Companies big and small are saving money and time by doing away with voice mail. For example, recently JPMorgan Chase canceled voice mail for most of its employees, estimating that the company will save roughly $10 per employee as a result.
If you are thinking of following suit, take this advice:
• Be clear with customers. If you suddenly drop voice mail, customers may be annoyed, especially if they are accustomed to contacting you via phone. Additionally, some could falsely assume that you are eliminating voice mail because your company has financial woes. Minimize the fallout by making an announcement to customers, explaining your decision and offering them alternative ways to reach you; for example, social media, email or instant chat.
• Offer employees a choice. Employees may use voice mail much more often than you think. Others, such as salespeople, need it to communicate with customers. Rather than eliminate it all together, allow employees to opt out of the service. When Coca-Cola did that this year, only 6% of employees chose to keep their voice mail.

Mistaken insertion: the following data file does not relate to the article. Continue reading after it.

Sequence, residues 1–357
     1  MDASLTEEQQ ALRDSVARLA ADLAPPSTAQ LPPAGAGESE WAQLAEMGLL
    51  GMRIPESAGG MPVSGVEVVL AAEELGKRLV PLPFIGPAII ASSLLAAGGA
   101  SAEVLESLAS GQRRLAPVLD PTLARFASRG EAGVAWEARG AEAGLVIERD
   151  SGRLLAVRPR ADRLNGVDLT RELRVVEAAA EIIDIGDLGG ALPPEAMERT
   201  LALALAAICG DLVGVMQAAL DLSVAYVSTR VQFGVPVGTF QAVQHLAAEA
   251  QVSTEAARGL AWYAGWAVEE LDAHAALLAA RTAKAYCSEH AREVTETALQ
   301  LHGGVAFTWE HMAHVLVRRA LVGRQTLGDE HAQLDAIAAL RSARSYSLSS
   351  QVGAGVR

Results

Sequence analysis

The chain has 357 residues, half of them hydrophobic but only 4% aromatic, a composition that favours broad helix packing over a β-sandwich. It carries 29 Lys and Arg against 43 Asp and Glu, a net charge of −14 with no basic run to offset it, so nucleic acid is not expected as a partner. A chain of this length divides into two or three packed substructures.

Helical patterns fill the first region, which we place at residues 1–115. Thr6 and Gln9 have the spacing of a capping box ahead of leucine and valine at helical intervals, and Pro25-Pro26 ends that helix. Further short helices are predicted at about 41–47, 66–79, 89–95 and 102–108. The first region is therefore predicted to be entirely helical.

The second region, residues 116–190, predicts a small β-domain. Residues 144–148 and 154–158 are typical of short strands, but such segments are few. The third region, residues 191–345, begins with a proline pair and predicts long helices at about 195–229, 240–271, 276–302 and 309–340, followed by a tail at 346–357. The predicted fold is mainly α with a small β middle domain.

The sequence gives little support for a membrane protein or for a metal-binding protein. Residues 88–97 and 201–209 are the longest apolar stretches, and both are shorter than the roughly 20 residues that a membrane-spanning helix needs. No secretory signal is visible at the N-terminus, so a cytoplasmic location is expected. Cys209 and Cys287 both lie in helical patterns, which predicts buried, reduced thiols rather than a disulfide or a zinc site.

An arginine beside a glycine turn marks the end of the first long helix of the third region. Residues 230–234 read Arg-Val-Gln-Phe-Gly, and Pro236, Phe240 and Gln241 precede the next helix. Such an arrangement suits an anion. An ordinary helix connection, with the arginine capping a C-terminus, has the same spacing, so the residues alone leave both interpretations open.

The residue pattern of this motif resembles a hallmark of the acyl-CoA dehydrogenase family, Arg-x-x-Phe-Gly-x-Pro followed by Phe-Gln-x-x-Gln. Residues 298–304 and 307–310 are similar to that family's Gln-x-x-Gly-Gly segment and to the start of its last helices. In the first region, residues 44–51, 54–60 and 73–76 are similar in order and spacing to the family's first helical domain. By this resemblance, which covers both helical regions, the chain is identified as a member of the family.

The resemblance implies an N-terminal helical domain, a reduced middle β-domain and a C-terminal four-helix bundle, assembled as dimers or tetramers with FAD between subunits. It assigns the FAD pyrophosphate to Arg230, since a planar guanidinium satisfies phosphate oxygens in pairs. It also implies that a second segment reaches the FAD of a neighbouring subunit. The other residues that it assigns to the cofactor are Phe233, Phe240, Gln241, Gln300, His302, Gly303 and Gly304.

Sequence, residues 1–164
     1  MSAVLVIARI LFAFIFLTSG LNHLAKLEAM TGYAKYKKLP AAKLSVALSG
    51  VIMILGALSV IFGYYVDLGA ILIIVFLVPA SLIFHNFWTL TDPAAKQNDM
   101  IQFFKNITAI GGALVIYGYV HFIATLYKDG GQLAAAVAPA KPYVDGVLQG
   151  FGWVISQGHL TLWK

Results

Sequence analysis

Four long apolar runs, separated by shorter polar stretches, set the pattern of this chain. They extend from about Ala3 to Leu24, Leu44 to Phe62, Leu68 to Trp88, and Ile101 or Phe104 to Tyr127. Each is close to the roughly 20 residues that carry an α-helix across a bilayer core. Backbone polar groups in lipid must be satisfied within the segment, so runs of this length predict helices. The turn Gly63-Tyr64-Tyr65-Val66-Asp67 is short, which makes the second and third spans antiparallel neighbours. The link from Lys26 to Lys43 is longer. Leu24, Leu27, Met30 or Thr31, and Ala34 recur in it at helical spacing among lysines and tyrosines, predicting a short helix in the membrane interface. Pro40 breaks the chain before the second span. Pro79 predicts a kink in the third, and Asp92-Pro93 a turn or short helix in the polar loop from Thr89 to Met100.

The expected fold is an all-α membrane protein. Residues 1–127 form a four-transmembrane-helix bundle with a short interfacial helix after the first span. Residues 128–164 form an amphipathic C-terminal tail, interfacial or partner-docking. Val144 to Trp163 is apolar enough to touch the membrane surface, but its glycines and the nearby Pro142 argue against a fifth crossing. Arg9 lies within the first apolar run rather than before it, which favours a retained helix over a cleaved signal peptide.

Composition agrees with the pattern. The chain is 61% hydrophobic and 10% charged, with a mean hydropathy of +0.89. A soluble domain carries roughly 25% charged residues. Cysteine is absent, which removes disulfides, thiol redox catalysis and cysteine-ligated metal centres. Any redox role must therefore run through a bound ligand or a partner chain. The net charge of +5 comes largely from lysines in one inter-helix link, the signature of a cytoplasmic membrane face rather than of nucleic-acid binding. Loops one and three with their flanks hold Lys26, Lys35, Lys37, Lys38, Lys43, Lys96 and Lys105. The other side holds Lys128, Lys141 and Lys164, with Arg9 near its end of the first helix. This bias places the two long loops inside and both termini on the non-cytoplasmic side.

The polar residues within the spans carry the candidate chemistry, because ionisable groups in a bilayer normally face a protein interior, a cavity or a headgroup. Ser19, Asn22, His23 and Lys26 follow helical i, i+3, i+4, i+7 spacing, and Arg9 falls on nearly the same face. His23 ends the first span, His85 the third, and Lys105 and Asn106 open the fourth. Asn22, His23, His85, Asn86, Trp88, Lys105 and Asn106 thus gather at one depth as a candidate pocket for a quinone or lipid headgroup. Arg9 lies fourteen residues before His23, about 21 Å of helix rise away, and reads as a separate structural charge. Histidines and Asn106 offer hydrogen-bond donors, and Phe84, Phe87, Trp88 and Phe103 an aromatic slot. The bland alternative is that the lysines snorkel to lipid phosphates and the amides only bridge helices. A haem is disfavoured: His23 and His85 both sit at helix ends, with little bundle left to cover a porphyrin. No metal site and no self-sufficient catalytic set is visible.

• Establish companywide phone hours. Phone calls will always be necessary, as they are better suited for discussions, especially sensitive or difficult ones. Establish hours when everyone will be at his or her workstations and available to take phone calls. Then post those hours for customers and employees.
• Invest in collaboration software. Technology that allows you to share and discuss information in real time keeps the lines of communication open and makes voice mail obsolete.
— Adapted from “Businesses Are Hanging Up on Voice Mail to Dial in Productivity,” Yuki Noguchi, NPR, www.npr.org.